You know him by the bow tie. The seersucker suit. The exquisite manners. The Southern courtliness. The radio voice. The indefatigable, even voracious interest in all things South Carolina.
— Claudia Smith Brinson, The State

walter bellingrath edgar

Born in Mobile, Alabama, Walter graduated from Davidson College in 1965. He received his M.A. (1967) and Ph.D. (1969) in History from the University of South Carolina. He holds honorary degrees from Davidson College, the Citadel, Coker College, Coastal Carolina University, and Newberry College and is a member of Blue Key and ODK. In 2008 he was inducted into the South Carolina Hall of Fame. In 2010 he became the third individual named a Laureate of the Lightsey Society and inducted into the South Carolina Higher Education Hall of Fame. 

             After completing two years of active duty with the U.S. Army, he was awarded a Post-Doctoral Fellowship by the National Historical Publication Commission and assigned to work with the Papers of Henry Laurens. For several years he was the editor of the Biographical Directory of the South Carolina House of Representatives. In 1972 he joined the History Department Faculty at USC. He was the founder and first director of the University’s highly acclaimed Public History Program. In 1980 he was named director of the Institute for Southern Studies, a position he held until 2012. He held four distinguished professorships: Carolina Trustee Professor; Claude Henry Neuffer Professor of Southern Studies; George Washington Professor of History; and Louise Fry Scudder Professor of Liberal Arts. In 2001 he was named a distinguished alumnus of the University of South Carolina.

            During his forty-year career he taught a variety of history courses, but one of his favorites—an undergraduate course in South Carolina History (1670-1865)—was always over-subscribed. In recent years he offered an evening lecture series that attracted hundreds of patrons from across the state.

            Edgar is a prolific scholar and has written or edited more than a dozen books and 60 articles and essays. His articles and professional papers have been published in Europe as well as this country. His South Carolina: A History has sold more than 60,000 copies to date and achieved both public and scholarly acclaim. Among his other publications are The South Carolina Encyclopedia, Partisans and Redcoats, The Letterbook of Robert Pringle, and South Carolina in the Modern Age. He willingly shares his passion for South Carolina by speaking to civic, patriotic, and school groups across the state.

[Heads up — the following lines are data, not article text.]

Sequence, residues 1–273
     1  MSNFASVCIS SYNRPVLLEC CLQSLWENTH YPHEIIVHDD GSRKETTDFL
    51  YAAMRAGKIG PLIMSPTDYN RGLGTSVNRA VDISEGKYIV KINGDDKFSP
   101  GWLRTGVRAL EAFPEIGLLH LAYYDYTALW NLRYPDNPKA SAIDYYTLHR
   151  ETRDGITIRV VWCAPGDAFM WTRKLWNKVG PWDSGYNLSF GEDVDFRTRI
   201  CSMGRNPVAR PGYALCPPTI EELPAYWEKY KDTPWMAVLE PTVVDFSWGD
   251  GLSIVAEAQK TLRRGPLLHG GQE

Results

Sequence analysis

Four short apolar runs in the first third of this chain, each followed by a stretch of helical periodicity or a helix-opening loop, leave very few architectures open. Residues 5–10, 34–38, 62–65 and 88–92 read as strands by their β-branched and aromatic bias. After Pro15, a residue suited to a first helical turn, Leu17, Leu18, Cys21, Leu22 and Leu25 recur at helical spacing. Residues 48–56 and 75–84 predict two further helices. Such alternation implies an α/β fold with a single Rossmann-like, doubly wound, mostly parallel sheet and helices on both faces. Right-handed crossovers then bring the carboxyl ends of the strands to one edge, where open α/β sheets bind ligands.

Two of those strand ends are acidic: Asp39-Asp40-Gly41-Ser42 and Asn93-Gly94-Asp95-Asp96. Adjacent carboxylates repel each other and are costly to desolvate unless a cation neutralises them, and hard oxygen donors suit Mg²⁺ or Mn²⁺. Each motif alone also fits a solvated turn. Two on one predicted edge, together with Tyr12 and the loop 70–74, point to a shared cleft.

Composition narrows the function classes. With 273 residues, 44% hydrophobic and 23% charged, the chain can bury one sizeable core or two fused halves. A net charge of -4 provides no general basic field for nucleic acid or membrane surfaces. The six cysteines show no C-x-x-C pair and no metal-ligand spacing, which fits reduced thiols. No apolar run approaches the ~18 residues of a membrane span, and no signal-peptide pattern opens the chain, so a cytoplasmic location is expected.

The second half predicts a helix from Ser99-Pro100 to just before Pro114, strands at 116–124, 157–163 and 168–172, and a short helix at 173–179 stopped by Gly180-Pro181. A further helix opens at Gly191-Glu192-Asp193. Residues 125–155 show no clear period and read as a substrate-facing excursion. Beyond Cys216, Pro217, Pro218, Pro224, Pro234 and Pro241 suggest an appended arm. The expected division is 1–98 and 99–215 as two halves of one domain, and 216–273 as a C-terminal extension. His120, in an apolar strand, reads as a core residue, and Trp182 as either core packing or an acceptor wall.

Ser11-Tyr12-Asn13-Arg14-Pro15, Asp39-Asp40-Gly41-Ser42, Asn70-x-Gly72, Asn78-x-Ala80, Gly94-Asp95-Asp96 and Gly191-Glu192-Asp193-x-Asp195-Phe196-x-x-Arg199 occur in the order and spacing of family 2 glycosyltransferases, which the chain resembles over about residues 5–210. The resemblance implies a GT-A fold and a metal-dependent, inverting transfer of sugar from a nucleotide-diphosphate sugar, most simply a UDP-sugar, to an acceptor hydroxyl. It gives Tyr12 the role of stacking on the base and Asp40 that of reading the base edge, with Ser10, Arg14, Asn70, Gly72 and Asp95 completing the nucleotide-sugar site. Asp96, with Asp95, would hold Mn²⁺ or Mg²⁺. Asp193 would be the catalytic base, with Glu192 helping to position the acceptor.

A long-time member of Trinity Episcopal Cathedral, he has served on the vestry, been a delegate to diocesan conventions, and a youth and adult church school teacher. When the Cathedral observed its bicentennial in 2012-2013, he and his wife Nela co-chaired the year-long celebration.

            He has been active in the community and served as president of the following organizations: South Carolina Historical Society, Historic Columbia Foundation, Friends of the Richland County Public Library, South Caroliniana Society, South Carolina Historical Association and the Columbia Kiwanis Club. In addition, he served on the boards of the Davidson College Alumni Association, Heathwood Hall Episcopal School, USC Educational Foundation, Columbia Museum of Art, Governor’s Mansion Foundation, South Carolina Hall of Fame, and Palmetto Conservation Foundation. He currently is a Trustee of the Bellingrath-Morse Foundation and a member of the board of directors of the Mobile Carnival Museum and the Bellingrath Gardens and Home Foundation.

            From 1969 to 1971 he was a Captain in the US Army and served on an advisory team in Quang Tri Province, Vietnam. Upon completion of his active duty, he joined the US Army Reserves, served with both the 120th Army Reserve Command and the 108th Division (IT), and retired as a Colonel in 1995. His last reserve assignment was as Chief of Staff of the 108th Div. (IT) in Charlotte. His military decorations include the Legion of Merit, the Bronze Star, and the Meritorious Service Medal (5 oak leaf clusters). In addition he served as an adjunct faculty member of the US Army Command and General Staff College at Fort Leavenworth, Kansas, and, after his retirement, as a member and chair of the Civilian Advisory Board for the Command and General Staff College.

            Since 2000, he has hosted “Walter Edgar’s Journal” and since 2007, “South Carolina from A to Z” on SC ETV Radio.

            His hobbies are gardening and squash [the game, not the vegetable]. He raises heirloom camellias and has a stack of blue ribbons that he has won at the South Carolina State Fair for his flowers. He still plays a competitive game of singles squash in Columbia and enjoys doubles at the Charleston Squash Club.

curriculum vitae

Walter's extensive academic achievements are detailed in his Curriculum Vitae

photo gallery

From childhood photos to current family portraits, Walter's life is highlighted in this photographic collection.